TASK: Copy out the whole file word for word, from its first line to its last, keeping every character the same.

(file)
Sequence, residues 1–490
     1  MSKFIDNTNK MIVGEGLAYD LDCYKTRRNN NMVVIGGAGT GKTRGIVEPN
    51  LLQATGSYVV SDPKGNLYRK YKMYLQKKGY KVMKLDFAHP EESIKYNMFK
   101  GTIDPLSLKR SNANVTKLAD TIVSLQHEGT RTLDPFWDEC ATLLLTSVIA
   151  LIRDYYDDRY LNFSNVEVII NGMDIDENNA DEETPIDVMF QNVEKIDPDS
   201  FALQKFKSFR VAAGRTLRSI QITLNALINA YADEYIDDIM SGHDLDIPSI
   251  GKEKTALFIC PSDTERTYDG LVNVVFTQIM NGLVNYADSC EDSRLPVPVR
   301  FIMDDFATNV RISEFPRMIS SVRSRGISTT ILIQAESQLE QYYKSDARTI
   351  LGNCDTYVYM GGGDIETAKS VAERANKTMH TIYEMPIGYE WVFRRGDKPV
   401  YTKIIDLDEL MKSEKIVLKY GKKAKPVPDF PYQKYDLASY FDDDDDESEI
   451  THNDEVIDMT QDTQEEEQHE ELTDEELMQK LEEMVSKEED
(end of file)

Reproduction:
Sequence, residues 1–490
     1  MSKFIDNTNK MIVGEGLAYD LDCYKTRRNN NMVVIGGAGT GKTRGIVEPN
    51  LLQATGSYVV SDPKGNLYRK YKMYLQKKGY KVMKLDFAHP EESIKYNMFK
   101  GTIDPLSLKR SNANVTKLAD TIVSLQHEGT RTLDPFWDEC ATLLLTSVIA
   151  LIRDYYDDRY LNFSNVEVII NGMDIDENNA DEETPIDVMF QNVEKIDPDS
   201  FALQKFKSFR VAAGRTLRSI QITLNALINA YADEYIDDIM SGHDLDIPSI
   251  GKEKTALFIC PSDTERTYDG LVNVVFTQIM NGLVNYADSC EDSRLPVPVR
   301  FIMDDFATNV RISEFPRMIS SVRSRGISTT ILIQAESQLE QYYKSDARTI
   351  LGNCDTYVYM GGGDIETAKS VAERANKTMH TIYEMPIGYE WVFRRGDKPV
   401  YTKIIDLDEL MKSEKIVLKY GKKAKPVPDF PYQKYDLASY FDDDDDESEI
   451  THNDEVIDMT QDTQEEEQHE ELTDEELMQK LEEMVSKEED